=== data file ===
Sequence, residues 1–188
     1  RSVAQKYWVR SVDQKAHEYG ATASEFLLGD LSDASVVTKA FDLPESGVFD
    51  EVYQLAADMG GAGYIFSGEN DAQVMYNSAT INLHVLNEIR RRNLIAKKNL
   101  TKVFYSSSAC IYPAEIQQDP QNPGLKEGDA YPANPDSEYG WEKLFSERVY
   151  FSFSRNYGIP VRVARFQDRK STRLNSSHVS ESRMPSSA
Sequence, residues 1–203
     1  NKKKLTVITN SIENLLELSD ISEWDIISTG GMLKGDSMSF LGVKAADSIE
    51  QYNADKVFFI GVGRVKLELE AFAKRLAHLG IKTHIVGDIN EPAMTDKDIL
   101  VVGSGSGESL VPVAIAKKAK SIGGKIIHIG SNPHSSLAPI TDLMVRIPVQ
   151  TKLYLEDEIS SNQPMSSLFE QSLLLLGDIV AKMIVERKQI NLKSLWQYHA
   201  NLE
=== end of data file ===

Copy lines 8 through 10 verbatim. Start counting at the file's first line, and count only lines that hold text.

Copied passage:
    51  QYNADKVFFI GVGRVKLELE AFAKRLAHLG IKTHIVGDIN EPAMTDKDIL
   101  VVGSGSGESL VPVAIAKKAK SIGGKIIHIG SNPHSSLAPI TDLMVRIPVQ
   151  TKLYLEDEIS SNQPMSSLFE QSLLLLGDIV AKMIVERKQI NLKSLWQYHA